Gravels bump, trees scroll, the car climbs, and takes off. I accelerate. The whistle approaches. I do not have much time. Night is falling, moistures floats above the hills. I brake suddenly, slam the door…a deafening din makes vibrate my body, the ground trembles. A shiver runs through my pulpit.The creaking of its steel wheels screams, pierces my eardrums. I brake my neck to admire it.
Calm returns quietly. Few squeaks still resound in the distance. The river continues its enless whisper. While the world has disappeared, I felt a presence behind my shoulders. There’s an other observer. I turn back to salute him. His hands in the pockets, head up and a broad smile tell a lot about him. His presence is not a coincidence. He finally regains consciousness. Raises his eyes on me. His hand hard as a rock comes to hit my knuckles.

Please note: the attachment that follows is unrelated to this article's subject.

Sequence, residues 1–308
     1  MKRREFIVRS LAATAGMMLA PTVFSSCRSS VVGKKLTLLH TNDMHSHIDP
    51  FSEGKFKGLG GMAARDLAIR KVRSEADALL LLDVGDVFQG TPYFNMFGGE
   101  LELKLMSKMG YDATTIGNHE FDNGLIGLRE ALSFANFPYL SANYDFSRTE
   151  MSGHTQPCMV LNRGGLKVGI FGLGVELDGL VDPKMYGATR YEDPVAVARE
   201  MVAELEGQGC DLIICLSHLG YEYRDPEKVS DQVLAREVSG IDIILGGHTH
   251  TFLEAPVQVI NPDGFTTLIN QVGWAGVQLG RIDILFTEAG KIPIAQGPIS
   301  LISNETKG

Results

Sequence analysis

We are on a national service road. I have the feeling of being entered in an unknown property. I allow me to ask him a few questions. I learn about him he was a hobo in early seventies. A friend taught him to catch freight trains. « the good old days » he said. He is not runing fast any more and security was reinforced.
This is probably his return from war, which led him to follow the railways. The need to escape. After experiencing hell nothing could frighten him now. This magic place, these trains vibration, this whistle recalls him that he is alive.
He indicates me to come and takes me in the woods behind his truck. I am away to be afraid, I am curious to discover what he wants to show me. I walk his steps. A wood fire perfum rushes into my nose. He shows me several redwood trunks and tell me that he could not live anywhere else.
It’s late. I ‘ll come back tomorrow. I can’t sleep. The night intoxicates me and fill my imagination. It is 3 am, whistles still resonate. Trains tears the night. They eventually disappear.
Photography and text: Alfred Cromback